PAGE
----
THE ELECTRON TRANSPORT
The reaction centre in PS II absorbs 680 nm wavelength of red light. This causes electrons to become excited and jump into an orbit farther from the atomic nucleus. These electrons are picked up by an electron acceptor and sent to an electrons transport system consisting of cytochromes.
In terms of an oxidation-reduction potential scale, this movement of electrons is downhill. The electrons are not used up as they pass through the electron transport chain. They are passed on to the pigments of PS I.
At the same time, electrons in the reaction centre of PS I are also excited when they receive red light of wavelength 700 nm. They are then transferred to another acceptor molecule which has a greater redox potential.
Z Scheme: These electrons are then moved downhill again, to a molecule of energy-rich NADP+. The addition of these electrons reduces NADP+ to NADPH+H+. This whole transfer of electrons from PS II to the acceptor, to PS I, to another acceptor and finally to NADP+ is called the Z scheme, because of its characteristic shape.
Splitting of Water
Water is split into H+, [O] and electrons. The splitting of water is associated with PS II. This creates oxygen. Photosystem II provides replacement for electrons removed from PS I.
2H2O → 4H+ + O2 + 4e-
Cyclic and Non-cyclic Photo-phosphorylation
- Synthesis of ATP from ADP and inorganic phosphate in the presence of light is called photophosphorylaton.
- When the two photosystems work in a series; first PS II and then the PS I; a process called non-cyclic photophosphorylation occurs.
- When only PS I is functional, the electron is circulated within the photosystem and the cyclic flow of electrons leads to phosphorylation. The stroma lamellae are the possible location of phosphorylation. The stroma lamellae lack PS II and NADP reductase enzyme. The excited electron does not pass on to NADP+ but is cycled back to the PS I complex. Hence, the cyclic flow results only in the synthesis of ATP but not of NADPH+H+. Cyclic photophsophorylation also occurs when only light of wavelengths beyond 680 nm are available for excitation.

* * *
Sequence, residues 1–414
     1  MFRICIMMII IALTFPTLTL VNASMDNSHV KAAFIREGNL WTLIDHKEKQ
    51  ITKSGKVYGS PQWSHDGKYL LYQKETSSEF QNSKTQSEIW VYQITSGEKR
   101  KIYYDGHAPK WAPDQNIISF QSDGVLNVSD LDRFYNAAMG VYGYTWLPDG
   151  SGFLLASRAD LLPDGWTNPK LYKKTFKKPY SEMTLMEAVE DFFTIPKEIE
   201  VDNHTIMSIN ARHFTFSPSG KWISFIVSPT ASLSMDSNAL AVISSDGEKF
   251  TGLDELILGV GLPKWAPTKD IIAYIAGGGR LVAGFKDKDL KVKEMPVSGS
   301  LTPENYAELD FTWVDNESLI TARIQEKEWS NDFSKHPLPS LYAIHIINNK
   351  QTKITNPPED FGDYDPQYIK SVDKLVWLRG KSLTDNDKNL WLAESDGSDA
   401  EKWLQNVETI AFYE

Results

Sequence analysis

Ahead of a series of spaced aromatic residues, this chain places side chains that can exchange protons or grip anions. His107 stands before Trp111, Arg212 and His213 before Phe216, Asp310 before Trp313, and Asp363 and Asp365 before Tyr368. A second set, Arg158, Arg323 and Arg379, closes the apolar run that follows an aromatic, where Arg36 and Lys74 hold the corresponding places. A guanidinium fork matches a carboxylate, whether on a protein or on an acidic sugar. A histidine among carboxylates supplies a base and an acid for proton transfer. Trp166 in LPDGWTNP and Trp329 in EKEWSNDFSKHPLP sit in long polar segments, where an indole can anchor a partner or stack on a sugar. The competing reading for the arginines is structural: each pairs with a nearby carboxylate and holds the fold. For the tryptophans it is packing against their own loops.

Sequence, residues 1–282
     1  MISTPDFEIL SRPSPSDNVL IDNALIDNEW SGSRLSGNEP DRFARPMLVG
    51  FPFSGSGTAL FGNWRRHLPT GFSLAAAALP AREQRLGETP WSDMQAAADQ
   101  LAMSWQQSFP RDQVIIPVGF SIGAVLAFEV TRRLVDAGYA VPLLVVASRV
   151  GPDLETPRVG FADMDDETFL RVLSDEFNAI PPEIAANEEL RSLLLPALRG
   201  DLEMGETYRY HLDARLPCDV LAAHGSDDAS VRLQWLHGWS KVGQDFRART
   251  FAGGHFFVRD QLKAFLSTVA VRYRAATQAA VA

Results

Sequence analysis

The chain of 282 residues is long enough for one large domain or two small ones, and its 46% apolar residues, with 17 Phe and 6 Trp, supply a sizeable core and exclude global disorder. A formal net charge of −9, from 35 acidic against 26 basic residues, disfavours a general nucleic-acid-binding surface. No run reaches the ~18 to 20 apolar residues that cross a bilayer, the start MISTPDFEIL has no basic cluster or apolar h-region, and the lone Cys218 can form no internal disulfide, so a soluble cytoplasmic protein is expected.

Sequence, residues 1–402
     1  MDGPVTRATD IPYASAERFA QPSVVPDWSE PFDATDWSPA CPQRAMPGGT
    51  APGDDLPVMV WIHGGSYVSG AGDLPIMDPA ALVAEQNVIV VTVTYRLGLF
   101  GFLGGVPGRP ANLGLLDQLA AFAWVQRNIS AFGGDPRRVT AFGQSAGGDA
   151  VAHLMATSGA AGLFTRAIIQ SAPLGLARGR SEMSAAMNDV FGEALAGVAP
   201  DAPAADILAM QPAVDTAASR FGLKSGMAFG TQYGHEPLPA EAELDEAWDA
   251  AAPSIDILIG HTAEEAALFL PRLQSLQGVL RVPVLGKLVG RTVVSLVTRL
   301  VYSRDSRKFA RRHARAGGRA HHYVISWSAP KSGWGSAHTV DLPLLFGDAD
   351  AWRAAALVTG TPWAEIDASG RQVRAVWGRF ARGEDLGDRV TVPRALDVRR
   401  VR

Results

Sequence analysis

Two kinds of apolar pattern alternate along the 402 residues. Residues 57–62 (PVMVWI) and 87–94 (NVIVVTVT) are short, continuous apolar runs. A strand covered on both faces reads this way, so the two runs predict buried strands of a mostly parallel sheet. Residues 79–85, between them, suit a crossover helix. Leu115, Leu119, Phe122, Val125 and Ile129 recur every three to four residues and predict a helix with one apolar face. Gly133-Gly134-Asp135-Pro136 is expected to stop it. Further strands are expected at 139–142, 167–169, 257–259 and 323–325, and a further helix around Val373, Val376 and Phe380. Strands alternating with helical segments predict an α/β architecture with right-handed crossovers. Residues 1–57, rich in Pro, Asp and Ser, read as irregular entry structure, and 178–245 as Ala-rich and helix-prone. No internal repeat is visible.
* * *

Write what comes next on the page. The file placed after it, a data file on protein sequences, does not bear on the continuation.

Synthesis of ATP in chloroplast can be explained by chemiosmotic hypothesis. The way it happens in respiration, ATP synthesis during photosynthesis happens because of development of a proton gradient across a membrane, i.e. membrane of the thylakoid. The following steps are involved in development of proton gradient across the thylakoid membrane.
When the electrons move through the photosystems, protons are transported across the membrane. The primary acceptor of electron is located towards the outer side of the membrane. It transfers its electrons not to an electron carrier but to an H carrier. Due to this, it removes a proton from the stroma while transporting an electron. When electron is passed to the electron carrier on the inner side of the membrane, the proton is released into the inner side or the lumen side of the membrane.
The NADP reductase enzyme is located on the stroma side of the membrane. Protons are also necessary for the reduction of NADP+ to NADPH+H+. These protons are also removed from the stroma.
Thus, protons in the stroma decrease in number and accumulate in the lumen. This results in development of a proton gradient across the thylakoid membrane. Additionally, there is a measurable decrease in pH in the lumen.
The breakdown of this gradient leads to release of energy. The movement of protons across the membrane to the stroma results in breakdown of this gradient. The movement of protons takes place through the transmembrane channel of the F0 of the ATPase.
The ATPase enzyme consists of two parts. One part is called the F0 and is embedded in the membrane. This forms a transmembrane channel which carries out facilitated diffusion of protons across the membrane. The other portion is called F1. It protrudes on the outer surface of thylakoid membrane on the lumen side.
The breakdown of the gradient provides enough energy to cause a change in the F1 particle of the ATPase which results in synthesis of several molecules of energy-packed ATP.
To summarise, it can be said that chemiosmosis requires a membrane, a proton pump, a proton gradient and ATPase. Energy is utilised to pump protons across a membrane, to create a gradient of protons within the thylakoid membrane. ATPase has a channel. This channel allows diffusion of protons back across the membrane. The diffusion of protons releases enough energy to activate ATPase enzyme. The ATPase enzyme catalyses the formation of ATP. NADPH and the ATP are used in the biosynthetic reaction which takes place in the stroma. This reaction is responsible for fixing CO2 and for synthesis of sugars.